Trump’s war on technology expanded. First, Facebook (FB) got hit with a $5 fine over privacy concerns. Now Google (GOOGL) is to be investigated for treason for allegedly helping the Chinese military. In the meantime, Europe is going after Amazon (AMZN) on antitrust concerns. If the US isn’t going to dominate technology, who will. Sorry, but this keyboard doesn’t have Chinese characters.
June US Housing Starts fell 0.9%, while permits dove 6%. If builders won’t build in the face of record low interest rates, their outlook for the economy must be grim. Maybe the 36% YOY decline in buying from Chinese has something to do with it.
Oil popped on the US downing of an Iranian drone in the Straits of Hormuz, which I flew over myself only last week on my way to Abu Dhabi. Expect this tit for tat, “Phony War” to continue, making Texas tea (USO) untradeable. In the meantime, the International Energy Agency has cut oil demand forecasts, thanks to a slowing global economy.
My strategy of avoiding stocks and only investing in weak dollar plays like bonds (TLT), foreign exchange (FXA), and copper (FCX) has been performing well. After spending a few weeks out of the market, it’s amazing how clear things become. The clouds lift and the fog disperses.
My Global Trading Dispatch has hit a new high for the year at +17.78% and has earned a respectable 2.54% so far in July. Nothing like coming out of the blocks for an uncertain H2 on a hot streak.
My ten-year average annualized profit bobbed up to +33.12%. With the markets now in the process of peaking out for the short term, I am now 70% in cash with Global Trading Dispatch and 100% cash in the Mad Hedge Tech Letter. If there is one thing supporting the market now, it is the fact that my Mad Hedge Market Timing Index has pulled back to a neutral 44. It’s a Goldilocks level, not too hot and not too cold.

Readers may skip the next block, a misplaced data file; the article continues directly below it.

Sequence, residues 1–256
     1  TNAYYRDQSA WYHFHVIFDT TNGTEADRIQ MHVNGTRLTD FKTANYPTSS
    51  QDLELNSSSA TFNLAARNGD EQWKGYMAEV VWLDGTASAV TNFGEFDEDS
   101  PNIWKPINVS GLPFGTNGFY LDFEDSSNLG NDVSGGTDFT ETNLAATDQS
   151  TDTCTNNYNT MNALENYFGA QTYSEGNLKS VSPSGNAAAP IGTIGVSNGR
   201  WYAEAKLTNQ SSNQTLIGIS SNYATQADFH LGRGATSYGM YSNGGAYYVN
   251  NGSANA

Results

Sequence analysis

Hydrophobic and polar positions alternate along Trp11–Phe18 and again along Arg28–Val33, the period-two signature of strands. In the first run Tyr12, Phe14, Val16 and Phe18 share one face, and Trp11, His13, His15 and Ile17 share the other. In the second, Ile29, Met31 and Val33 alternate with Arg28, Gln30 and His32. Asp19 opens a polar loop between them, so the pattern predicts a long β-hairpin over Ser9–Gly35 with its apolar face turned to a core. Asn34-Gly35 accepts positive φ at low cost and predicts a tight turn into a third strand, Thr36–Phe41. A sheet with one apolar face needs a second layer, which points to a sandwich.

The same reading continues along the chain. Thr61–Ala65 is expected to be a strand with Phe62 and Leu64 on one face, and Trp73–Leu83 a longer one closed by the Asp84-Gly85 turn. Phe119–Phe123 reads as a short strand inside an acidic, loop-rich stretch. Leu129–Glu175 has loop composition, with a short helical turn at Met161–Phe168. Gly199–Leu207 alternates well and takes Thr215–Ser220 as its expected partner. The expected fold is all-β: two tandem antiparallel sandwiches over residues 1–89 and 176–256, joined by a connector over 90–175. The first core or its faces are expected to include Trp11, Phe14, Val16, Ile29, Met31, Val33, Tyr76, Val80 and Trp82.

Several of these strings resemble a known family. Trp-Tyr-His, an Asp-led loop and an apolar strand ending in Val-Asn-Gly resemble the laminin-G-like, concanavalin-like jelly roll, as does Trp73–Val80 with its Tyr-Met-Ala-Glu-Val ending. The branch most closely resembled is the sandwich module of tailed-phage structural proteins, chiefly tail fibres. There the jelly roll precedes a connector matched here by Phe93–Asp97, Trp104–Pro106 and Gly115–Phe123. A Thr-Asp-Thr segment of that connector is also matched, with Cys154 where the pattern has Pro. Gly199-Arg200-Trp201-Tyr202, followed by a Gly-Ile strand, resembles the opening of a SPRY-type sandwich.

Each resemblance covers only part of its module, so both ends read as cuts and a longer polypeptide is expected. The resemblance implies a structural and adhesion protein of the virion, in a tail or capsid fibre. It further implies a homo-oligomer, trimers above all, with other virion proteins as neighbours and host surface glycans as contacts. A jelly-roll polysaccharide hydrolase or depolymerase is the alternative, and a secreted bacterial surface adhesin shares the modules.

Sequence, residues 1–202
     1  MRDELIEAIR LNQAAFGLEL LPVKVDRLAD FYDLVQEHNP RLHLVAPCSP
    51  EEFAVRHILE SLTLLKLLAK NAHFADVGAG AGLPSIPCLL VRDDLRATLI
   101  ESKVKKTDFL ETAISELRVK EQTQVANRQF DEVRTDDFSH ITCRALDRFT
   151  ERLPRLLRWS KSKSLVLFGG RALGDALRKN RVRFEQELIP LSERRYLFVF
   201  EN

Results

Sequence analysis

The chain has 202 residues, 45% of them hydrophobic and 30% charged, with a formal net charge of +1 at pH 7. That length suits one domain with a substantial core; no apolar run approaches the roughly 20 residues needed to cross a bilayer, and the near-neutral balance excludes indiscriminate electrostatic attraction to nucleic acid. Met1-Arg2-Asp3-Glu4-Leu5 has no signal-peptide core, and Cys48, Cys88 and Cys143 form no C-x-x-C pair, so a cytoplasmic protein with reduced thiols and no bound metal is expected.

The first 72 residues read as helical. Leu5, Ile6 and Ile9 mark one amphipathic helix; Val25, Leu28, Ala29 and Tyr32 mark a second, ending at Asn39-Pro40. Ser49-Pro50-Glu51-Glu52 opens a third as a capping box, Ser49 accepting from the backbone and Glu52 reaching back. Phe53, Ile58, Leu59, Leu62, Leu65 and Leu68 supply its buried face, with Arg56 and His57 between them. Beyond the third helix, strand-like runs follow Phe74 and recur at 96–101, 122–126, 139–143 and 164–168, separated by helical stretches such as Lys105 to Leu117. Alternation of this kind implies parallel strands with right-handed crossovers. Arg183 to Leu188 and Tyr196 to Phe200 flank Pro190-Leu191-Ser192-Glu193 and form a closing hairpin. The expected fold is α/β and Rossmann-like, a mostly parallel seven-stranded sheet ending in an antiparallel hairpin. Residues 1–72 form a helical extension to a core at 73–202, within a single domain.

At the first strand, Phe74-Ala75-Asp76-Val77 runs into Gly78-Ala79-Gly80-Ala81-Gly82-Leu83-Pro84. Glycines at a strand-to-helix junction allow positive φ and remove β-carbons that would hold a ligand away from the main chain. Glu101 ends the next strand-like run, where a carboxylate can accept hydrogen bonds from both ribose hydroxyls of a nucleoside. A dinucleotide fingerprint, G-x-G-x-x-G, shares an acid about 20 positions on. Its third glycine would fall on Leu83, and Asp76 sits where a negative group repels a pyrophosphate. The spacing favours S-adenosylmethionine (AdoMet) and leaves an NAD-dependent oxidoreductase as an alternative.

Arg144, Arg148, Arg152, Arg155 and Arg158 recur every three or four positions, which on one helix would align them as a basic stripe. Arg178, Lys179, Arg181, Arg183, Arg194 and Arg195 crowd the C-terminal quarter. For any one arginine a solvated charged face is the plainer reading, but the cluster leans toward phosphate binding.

The coming week will be a fairly sedentary one on the data front after last week’s fireworks, except for one big bombshell on Friday.
On Monday, July 22, the Chicago Fed National Activity Index is published.
On Tuesday, July 23, we get a new Case Shiller National Home Price Index. June Existing Home Sales follow.
On Wednesday, July 24, June New Home Sales are released.
On Thursday, July 25 at 8:30 AM EST, the Weekly Jobless Claims are printed. So are June Durable Goods.
On Friday, July 26 at 8:30 AM EST, we get the most important release of the week, the advance release of US Q2 GDP. The numbers are expected to be weak, and anything above 1.8% will be a surprise, compared to 3.1% in Q1. Depending on the number, the market will either be up big, down big, or flat. I can already hear you saying “Thanks a lot.”
The Baker Hughes Rig Count follows at 2:00 PM.
As for me, I’ll be attending a fund raiser tonight for the Zermatt Community band held in the main square in front of St. Mauritius church. If you don’t ski, there isn’t much to do in the winter here but practice your flute, clarinet, French horn, or tuba.
We’ll be eating all the wurst, raclete, beer, and apple struddle we can. As an honorary citizen of Zermatt with the keys to the city, having visited here for 51 years, I get to attend for free.
Good luck and good trading.
CEO & Publisher
The Diary of a Mad Hedge Fund Trader
Global Market Comments
July 19, 2019
(DON’T MISS THE JULY 24 GLOBAL STRATEGY WEBINAR)
(WHAT’S HAPPENED TO APPLE?), (AAPL)
(MSFT), (IBM), (CSCO), (SWCH)
No, this piece is not about the TV reality show that has a gruff lot of hopeful entrepreneurs blindly bidding for the contents of abandoned storage lockers.
With hyper-accelerating technology creating data at an exponential rate, it is getting far too big to physically store.
In 2018, over $80 billion was spent on data centers across the country, often in the remotest areas imaginable. Bend, OR, rural West Virginia, or dusty sun-baked Sparks, NV, yes, they’re all there.
And you know what the biggest headache for the management of many tech companies is today? A severe shortage of cost-effective data storage and the skyrocketing electric power bills to power them.
During my lifetime, storage has evolved from one-inch magnetic tape on huge reels to highly unreliable 5 ¼ inch floppy disks, then 3-inch discs, and later to compact discs.
The solid-state storage on silicon chips that hit the market six years ago was a dream, as it was cheap, highly portable, and lightning fast. Boot-up time shrank from minutes to seconds. The only problem was the heat and sitting on it when you forgot those ultra slim designs on the sofa.
Moore’s Law, which has storage doubling every 18 months while the cost halves, has proved faithful to the bitter end. The problem now is, the end is near as the size of an electron becoming too big to pass through a gate is increasingly becoming a limiting factor.